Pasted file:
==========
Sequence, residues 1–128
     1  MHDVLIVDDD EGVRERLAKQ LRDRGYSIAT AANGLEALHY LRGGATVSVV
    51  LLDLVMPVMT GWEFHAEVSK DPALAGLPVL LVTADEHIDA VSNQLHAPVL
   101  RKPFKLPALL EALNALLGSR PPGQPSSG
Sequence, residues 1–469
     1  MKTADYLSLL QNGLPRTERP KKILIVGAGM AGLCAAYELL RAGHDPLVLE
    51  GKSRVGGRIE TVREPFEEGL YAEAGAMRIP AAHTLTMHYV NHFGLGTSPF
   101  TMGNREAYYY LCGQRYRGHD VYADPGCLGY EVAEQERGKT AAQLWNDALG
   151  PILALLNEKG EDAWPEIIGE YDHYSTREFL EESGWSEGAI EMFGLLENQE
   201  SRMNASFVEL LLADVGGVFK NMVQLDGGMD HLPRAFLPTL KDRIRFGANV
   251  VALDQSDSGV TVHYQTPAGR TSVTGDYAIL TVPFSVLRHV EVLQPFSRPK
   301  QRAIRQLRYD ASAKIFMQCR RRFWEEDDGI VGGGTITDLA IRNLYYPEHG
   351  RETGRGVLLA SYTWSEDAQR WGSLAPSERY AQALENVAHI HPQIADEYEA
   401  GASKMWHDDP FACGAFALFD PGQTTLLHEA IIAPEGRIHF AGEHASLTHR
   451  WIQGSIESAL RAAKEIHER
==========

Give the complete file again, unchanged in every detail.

Sequence, residues 1–128
     1  MHDVLIVDDD EGVRERLAKQ LRDRGYSIAT AANGLEALHY LRGGATVSVV
    51  LLDLVMPVMT GWEFHAEVSK DPALAGLPVL LVTADEHIDA VSNQLHAPVL
   101  RKPFKLPALL EALNALLGSR PPGQPSSG
Sequence, residues 1–469
     1  MKTADYLSLL QNGLPRTERP KKILIVGAGM AGLCAAYELL RAGHDPLVLE
    51  GKSRVGGRIE TVREPFEEGL YAEAGAMRIP AAHTLTMHYV NHFGLGTSPF
   101  TMGNREAYYY LCGQRYRGHD VYADPGCLGY EVAEQERGKT AAQLWNDALG
   151  PILALLNEKG EDAWPEIIGE YDHYSTREFL EESGWSEGAI EMFGLLENQE
   201  SRMNASFVEL LLADVGGVFK NMVQLDGGMD HLPRAFLPTL KDRIRFGANV
   251  VALDQSDSGV TVHYQTPAGR TSVTGDYAIL TVPFSVLRHV EVLQPFSRPK
   301  QRAIRQLRYD ASAKIFMQCR RRFWEEDDGI VGGGTITDLA IRNLYYPEHG
   351  RETGRGVLLA SYTWSEDAQR WGSLAPSERY AQALENVAHI HPQIADEYEA
   401  GASKMWHDDP FACGAFALFD PGQTTLLHEA IIAPEGRIHF AGEHASLTHR
   451  WIQGSIESAL RAAKEIHER